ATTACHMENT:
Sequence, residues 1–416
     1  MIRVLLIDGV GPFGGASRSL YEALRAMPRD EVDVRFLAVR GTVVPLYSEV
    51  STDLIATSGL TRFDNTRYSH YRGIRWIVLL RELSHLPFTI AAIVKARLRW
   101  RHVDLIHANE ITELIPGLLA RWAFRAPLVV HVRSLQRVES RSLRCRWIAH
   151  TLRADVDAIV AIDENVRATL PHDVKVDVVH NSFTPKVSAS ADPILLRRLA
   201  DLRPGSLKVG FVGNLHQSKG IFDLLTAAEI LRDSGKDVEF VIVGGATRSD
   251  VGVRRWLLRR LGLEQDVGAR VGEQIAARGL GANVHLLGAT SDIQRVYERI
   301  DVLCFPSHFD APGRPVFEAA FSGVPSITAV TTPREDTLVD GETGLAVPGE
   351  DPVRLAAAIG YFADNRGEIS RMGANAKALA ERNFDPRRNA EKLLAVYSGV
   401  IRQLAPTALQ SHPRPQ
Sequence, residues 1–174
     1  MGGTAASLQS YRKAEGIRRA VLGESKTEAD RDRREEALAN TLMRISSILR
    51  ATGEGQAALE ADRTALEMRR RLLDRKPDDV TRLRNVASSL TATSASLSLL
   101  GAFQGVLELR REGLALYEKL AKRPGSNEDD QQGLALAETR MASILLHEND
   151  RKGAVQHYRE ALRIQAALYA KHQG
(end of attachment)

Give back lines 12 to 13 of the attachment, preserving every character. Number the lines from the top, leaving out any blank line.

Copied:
     1  MGGTAASLQS YRKAEGIRRA VLGESKTEAD RDRREEALAN TLMRISSILR
    51  ATGEGQAALE ADRTALEMRR RLLDRKPDDV TRLRNVASSL TATSASLSLL